• November 14, 2011 - 10:53 pm | Permalink

      Hi missust- I could use a little more context. What type of setup do you have? How many routers/TCs/Modems do you have and how are they connected?

  • Anonymous
    November 7, 2011 - 1:11 pm | Permalink

    OK. I did everything you said. Works great! Thank you. BUT, now I can’t log back into my router. Why? IP address is the same. I verified by going to the network map. Now it’s only an access point forever. I can’t change it back. Any help would be appreciated. Thanks, Skitch

    • November 14, 2011 - 10:59 pm | Permalink

      Hey Skitch- If you followed the instructions, you would have changed the ip addresses for one of the routers, correct? So you can access one router via 192.168.0.1 and another by 192.168.0.2. If for some reason you can’t, take a straight-through network cable, and hook up your computer directly to the router to visit the router’s page. From there you can diagnose accordingly. i’m guessing either your two routers have the same IP address and are conflicting, some setting is wrong (verify with instructions in this post), or the ip address was changed to something other than 192.168 .1 or .2

  • Jeff Santos
    November 30, 2011 - 11:59 pm | Permalink

    Exactly what I was looking forI have a Cisco DPC3825 as my main and a D-link dir-628 for an access point.

  • mark
    December 1, 2011 - 1:54 pm | Permalink

    Looks Sound to me, but have you found a way to make the connection between the access point and repeater wireless? or does it have to be connected via ethernet?
    The only reason I’m asking is that I’m trying to set up my spare modem/router as a “powerline” type connection.
    I have my access point in the living room, transmits throughout my house. But I have a spare modem/router not being used and I’d like to find out if I can connect my desktop and blue-ray player which aren’t wireless via ethernet, then have the spare modem/router connected to my access point?
    If that makes any sense?

    • December 19, 2011 - 9:45 am | Permalink

      Not sure what you mean, in terms of your desired setup. I haven’t found a way to set this up as a wireless repeater as I believe special hardware is needed.

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  • Darlene
    December 13, 2011 - 1:37 pm | Permalink

    I have a dir-825 that I am currently using for 2 hardwired and 2 wireless computers. They are working great. We have built an addition and it is out of range/signal weak. I have a dir-615 wireless router can I use this as a repeater? I have been researching this on the web and came across your post. I am beginner level at best. I will need very specific instructions if you wouldn’t mine to help me. THanks and have a great day!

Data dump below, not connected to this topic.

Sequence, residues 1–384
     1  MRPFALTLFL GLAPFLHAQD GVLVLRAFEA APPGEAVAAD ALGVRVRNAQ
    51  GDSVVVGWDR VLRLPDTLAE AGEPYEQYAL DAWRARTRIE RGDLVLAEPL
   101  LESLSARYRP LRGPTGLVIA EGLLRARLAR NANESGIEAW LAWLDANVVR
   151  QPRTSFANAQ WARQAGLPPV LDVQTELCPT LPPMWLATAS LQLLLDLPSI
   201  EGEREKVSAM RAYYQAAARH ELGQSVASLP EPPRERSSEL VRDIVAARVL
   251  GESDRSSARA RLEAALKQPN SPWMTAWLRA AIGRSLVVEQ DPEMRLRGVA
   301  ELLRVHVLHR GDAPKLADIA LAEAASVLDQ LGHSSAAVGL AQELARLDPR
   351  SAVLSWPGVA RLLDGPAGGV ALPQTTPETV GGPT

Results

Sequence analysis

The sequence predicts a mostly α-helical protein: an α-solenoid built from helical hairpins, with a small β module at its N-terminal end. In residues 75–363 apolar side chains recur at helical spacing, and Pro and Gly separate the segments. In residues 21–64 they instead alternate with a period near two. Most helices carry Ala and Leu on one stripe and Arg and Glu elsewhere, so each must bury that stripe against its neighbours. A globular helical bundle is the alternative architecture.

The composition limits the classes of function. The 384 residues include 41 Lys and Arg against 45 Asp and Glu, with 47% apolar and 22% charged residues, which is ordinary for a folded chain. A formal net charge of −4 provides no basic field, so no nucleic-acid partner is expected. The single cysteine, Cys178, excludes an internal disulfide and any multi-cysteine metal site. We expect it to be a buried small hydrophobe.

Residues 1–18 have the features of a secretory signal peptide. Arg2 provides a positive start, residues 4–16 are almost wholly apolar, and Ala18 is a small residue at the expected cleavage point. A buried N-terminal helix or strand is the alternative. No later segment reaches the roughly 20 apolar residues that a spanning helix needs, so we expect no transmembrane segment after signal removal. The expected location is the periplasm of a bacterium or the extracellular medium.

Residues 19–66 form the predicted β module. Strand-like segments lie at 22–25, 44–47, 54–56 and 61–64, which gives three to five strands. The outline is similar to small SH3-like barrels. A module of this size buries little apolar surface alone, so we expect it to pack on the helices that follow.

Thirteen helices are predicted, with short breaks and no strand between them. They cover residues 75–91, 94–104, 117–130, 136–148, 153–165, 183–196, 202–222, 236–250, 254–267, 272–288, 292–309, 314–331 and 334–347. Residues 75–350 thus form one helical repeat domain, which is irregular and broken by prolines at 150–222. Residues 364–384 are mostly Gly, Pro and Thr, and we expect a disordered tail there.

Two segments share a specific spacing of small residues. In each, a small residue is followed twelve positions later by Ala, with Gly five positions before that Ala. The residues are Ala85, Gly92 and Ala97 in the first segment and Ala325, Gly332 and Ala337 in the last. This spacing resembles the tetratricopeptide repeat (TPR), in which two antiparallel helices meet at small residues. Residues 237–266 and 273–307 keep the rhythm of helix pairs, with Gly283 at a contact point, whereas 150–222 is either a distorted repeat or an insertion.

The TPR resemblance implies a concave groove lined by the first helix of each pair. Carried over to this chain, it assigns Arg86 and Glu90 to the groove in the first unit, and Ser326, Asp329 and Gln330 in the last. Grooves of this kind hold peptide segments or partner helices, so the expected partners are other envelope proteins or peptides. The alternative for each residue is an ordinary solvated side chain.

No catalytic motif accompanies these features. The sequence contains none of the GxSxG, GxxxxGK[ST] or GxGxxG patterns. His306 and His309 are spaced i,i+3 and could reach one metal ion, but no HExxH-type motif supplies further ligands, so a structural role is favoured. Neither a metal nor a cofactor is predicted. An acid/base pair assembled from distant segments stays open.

• December 19, 2011 - 9:38 am | Permalink

      You should be able to use the dir-615. The same instructions should work. Let me know how it goes!

  • Aaron J Henderson
    December 26, 2011 - 6:16 pm | Permalink

    Thanks for the clear, concise instructions. Router works great now.

  • Tim
    December 26, 2011 - 7:14 pm | Permalink

    Hi hciguy, thanks for the instructions…

    I have a weird problem, when I change the IP of my router and save the settings I can no longer access the router. The browser just times out. Any thoughts on what I might be doing wrong?

    • December 28, 2011 - 3:52 pm | Permalink

      Maybe port 80 needs to be forwarded on the middle-man router?

  • routadapt
    December 27, 2011 - 6:39 am | Permalink

    i live near enough to neibors routers and i dont have cable or net service to my place. but is it possible to just use a wireless adapter and a coverted router (repeater) to pick up signal from neibors ? thanks

    • December 28, 2011 - 3:53 pm | Permalink

      It is possible if the neighbours have given you the password to their router and you buy a repeater. I don’t believe you can accomplish this with just a standard router, however.

  • router info
    December 27, 2011 - 7:04 am | Permalink

    it it possible to get signal with out service .with just repeater and a adapter .????

    • December 28, 2011 - 3:54 pm | Permalink

      You need internet coming in from somewhere. Does this answer your question?

  • Greg
    January 14, 2012 - 6:58 am | Permalink

    Hi hciguy
    Your diagram and explanation of the wireless set up is excellent. I didn’t know how much I didn’t know until I started experimenting with networking outside my IT course that I took.
    My situation might be slightly different but yet the same.
    I have a wireless D-Link-615 router and I want to get wireless access from my brothers house a wireless Linksys router that is approximately 50 feet away.
    Can this be done with the same settings as you described above, and do I have to buy some additional hardware?
    Thank You in advance.
    Greg

    • January 16, 2012 - 12:35 pm | Permalink